What Is The Technical Founder Paradox?

Full Transcript Below

[ANNOUNCER]: Breaking down everyday workplace issues and diagnosing the hidden sickness, not just the obvious symptom. Our hosts, James and Coby.



[COBY]: Did we lose a patient?



[JAMES]: No, that’s just my lunch.



[COBY]: Hey, thanks for joining us. I’m Coby, he’s James. And let’s get started with a question. What is the technical founder Paradox?



[JAMES]: Yeah, so this is an interesting phenomenon that I’ve seen play out in a lot of small and medium businesses. not only with our work at Roman 3, but even going back to, like, my economic development days, essentially, the technical founder paradox. It’s a name that we’ve given to the idea that there comes a time in the natural lifecycle for many small and medium businesses where the depth of knowledge and skills that were required to really launch the business and to gain that initial, market penetration and market, share, actually ends up becoming a bit of a roadblock, that keeps the company from being able to push through that next hurdle and continue to grow in scale. There’s four questions or elements that I think would be interesting for us to explore in our conversation. so what is it and how does it happen? where do we see it and kind of what does it look like? what are some warning signs that we can try to identify whether or not we are falling into this technical founder paradox trap? and then ultimately, what can we do about this?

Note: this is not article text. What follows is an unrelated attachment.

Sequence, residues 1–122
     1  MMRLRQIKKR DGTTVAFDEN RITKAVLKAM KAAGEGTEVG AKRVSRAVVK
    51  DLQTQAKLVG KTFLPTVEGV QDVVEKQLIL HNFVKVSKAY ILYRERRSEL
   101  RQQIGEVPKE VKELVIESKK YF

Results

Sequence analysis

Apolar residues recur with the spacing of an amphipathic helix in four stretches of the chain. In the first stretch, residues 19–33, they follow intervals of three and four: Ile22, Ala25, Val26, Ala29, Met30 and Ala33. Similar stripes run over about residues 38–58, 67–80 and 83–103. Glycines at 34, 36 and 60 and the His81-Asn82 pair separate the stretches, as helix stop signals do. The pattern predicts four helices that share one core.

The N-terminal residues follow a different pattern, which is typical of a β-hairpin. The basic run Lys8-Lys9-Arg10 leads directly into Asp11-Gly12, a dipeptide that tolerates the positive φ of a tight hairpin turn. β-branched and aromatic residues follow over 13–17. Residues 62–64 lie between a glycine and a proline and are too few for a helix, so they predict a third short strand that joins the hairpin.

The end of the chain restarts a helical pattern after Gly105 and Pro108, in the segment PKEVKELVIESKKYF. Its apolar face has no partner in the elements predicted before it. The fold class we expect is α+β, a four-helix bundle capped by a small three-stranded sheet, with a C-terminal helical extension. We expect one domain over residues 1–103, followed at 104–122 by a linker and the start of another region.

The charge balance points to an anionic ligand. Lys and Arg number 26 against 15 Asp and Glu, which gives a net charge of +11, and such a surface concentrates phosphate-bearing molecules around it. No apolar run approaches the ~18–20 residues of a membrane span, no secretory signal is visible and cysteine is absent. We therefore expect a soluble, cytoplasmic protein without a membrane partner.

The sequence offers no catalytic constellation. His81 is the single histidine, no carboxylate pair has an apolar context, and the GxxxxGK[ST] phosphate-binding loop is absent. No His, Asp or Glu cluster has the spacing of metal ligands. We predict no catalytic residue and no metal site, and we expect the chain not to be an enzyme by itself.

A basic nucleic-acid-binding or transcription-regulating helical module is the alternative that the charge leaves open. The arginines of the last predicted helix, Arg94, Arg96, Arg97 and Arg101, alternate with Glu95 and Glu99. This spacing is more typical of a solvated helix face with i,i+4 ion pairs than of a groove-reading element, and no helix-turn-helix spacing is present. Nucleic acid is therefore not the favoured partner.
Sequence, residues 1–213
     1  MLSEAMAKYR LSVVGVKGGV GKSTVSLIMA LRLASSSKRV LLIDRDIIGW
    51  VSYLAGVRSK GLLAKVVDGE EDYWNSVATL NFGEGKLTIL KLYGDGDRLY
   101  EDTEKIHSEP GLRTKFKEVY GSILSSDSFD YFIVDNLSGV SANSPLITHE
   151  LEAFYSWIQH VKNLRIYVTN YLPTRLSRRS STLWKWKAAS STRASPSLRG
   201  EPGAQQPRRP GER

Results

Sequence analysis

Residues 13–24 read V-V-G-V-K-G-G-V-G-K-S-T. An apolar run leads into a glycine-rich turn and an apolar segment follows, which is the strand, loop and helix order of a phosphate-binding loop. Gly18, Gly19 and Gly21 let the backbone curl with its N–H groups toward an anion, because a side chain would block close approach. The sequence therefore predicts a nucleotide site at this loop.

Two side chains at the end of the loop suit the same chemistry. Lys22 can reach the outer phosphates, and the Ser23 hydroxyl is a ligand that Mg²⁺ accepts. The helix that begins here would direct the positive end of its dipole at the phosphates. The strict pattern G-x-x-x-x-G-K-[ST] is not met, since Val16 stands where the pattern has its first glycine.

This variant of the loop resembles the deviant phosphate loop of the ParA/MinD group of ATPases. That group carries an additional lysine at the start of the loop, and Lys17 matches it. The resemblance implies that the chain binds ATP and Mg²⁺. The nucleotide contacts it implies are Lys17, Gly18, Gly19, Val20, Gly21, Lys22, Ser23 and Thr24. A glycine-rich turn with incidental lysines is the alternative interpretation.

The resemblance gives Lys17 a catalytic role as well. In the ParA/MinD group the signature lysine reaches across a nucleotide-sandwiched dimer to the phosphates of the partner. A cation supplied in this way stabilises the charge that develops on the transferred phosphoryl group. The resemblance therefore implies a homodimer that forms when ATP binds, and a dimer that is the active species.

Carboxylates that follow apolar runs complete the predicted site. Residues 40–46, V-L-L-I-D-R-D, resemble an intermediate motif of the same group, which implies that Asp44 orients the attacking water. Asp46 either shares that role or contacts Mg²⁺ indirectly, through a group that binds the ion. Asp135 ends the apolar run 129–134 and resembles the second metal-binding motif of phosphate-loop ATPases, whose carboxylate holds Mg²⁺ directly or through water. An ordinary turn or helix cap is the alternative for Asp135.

[COBY]: Yeah, and it’s something that. It’s funny because, not that long ago, a few weeks ago, I gave a keynote, and I mentioned this when I was talking about kind of trends in different sectors around retention and, labor attraction. And it was something that I kind of just, you know, kind of brought up when I was talking about the common things that happen in, like, you know, in that. In that keynote, I was talking about like, a high tech, you know, like, ICT, those types of things, saying, this is very common when, you know, very technical positions. The, you know, this, leadership team that is. That creates it can end up becoming, you know, having a difficult time with scalability when the skills that got them to where they are not the skills that they need to get to it, to the next stage. And had a few people actually come. I’ve had a few conversations since then. People have referenced that. And, so it’s funny because, we mentioned it in our last episode, and we’ve had some comments from listeners about that, too. So it’s something that I think, I’m really glad that we’re taking a whole episode talk about it, because it is something that is that people seem to really kind of be connecting with.